The Department of Medical Assistance Services (DMAS) oversees the Elderly or Disabled with Consumer Direction (EDCD) Waiver Program. Therefore, DMAS decides how many hours of attendant care each consumer receives. (They also oversee respite, supervisory, and all other types of care hours).
DMAS rules provide that you have the right to appeal the amount of hours that you are granted. We as SEIU Virginia 512, have received several inquiries as to how to go about successfully appealing hours. We recommend the following:
1. Contact your union immediately once you are believe that you were given too few hours.
DMAS only provides a limited amount of time (about 10 days from when you receive the notice from DMAS) for you to request an appeal by writing to their Richmond office. If you put in a request after this deadline, you may be denied a hearing. Accordingly, it is important that you communicate with your union to ensure that you are including the necessary information in the request for appeal.
Once you receive a hearing date, you will need to decide whether you will be represented in the hearing. Being that the hearing is a legal proceeding, we recommend that you seek representation through the union. They will present your side (including referring to the applicable evidence and law) throughout the hearing. DMAS hearings are held over the phone and typically run about 1 hour—but can be as long as 2.5 hours or as quick as 30 minutes.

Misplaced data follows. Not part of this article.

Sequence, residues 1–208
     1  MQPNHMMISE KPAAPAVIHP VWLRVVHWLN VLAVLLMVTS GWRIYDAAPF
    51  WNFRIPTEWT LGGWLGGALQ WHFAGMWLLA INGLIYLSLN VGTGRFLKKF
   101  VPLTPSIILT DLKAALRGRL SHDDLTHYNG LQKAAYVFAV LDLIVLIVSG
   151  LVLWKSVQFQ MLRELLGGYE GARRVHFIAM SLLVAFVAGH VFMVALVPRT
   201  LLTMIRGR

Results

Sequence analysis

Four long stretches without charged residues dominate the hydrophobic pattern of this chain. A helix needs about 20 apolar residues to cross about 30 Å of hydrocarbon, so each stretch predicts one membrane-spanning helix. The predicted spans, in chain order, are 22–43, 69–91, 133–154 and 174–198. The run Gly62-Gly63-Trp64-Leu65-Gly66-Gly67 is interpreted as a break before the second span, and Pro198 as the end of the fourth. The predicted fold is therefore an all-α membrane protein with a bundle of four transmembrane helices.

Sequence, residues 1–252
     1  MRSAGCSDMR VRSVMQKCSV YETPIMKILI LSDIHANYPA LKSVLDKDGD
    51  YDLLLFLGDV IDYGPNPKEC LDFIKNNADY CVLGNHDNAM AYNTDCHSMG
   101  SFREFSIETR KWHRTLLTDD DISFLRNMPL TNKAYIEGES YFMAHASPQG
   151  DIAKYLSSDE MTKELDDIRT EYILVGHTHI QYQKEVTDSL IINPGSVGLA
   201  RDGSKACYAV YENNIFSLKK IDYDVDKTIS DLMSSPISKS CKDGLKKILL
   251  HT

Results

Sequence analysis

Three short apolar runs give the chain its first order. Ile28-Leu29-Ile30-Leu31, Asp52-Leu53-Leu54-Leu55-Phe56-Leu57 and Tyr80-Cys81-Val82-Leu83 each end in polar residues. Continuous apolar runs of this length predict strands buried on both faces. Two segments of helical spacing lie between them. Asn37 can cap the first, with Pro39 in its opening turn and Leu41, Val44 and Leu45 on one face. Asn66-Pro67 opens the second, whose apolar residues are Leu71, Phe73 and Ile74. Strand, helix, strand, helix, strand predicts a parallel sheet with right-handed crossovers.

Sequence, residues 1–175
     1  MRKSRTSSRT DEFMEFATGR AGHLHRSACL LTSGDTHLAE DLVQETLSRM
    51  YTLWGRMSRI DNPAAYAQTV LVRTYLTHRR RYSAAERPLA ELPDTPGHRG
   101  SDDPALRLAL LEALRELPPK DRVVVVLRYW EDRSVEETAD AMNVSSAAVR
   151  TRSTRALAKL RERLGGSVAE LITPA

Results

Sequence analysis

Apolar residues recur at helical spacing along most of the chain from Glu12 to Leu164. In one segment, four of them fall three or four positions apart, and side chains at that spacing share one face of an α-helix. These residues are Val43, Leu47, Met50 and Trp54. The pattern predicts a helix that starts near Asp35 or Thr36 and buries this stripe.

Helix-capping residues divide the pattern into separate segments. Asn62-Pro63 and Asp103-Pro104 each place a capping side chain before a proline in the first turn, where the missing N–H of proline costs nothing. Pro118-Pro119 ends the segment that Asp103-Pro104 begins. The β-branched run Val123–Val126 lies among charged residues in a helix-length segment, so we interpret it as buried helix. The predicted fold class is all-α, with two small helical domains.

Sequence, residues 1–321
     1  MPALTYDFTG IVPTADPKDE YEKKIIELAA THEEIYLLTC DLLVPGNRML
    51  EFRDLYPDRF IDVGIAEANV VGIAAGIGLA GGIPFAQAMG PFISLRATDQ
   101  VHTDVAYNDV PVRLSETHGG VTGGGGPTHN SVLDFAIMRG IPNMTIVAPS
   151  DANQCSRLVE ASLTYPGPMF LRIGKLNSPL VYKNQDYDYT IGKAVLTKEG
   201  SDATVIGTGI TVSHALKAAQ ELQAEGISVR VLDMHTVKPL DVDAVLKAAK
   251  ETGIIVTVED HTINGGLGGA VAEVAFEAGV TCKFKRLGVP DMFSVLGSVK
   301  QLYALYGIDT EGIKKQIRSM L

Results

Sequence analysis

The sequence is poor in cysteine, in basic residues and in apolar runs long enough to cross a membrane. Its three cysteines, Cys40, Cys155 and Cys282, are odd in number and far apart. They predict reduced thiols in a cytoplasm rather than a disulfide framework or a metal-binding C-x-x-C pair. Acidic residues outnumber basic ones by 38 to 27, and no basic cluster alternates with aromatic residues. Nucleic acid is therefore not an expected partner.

2. Keep regular contact with your service facilitator.
Your service facilitator will be a key part of your appeal of hours. As the individuals that submitted the paperwork requesting the hours on your behalf, they have firsthand knowledge of the information at issue. Therefore, you will need their assistance in compiling the necessary paperwork in preparing for the appeal. Moreover, if they are available, you may need them to testify as part of the phone hearing. Be sure to work with the union to determine the appropriate level of involvement by your service facilitator on the actual day of the hearing.
3. If you are not successful in the appeal, work with your union and service facilitator to see how you may be able to obtain more hours in the future.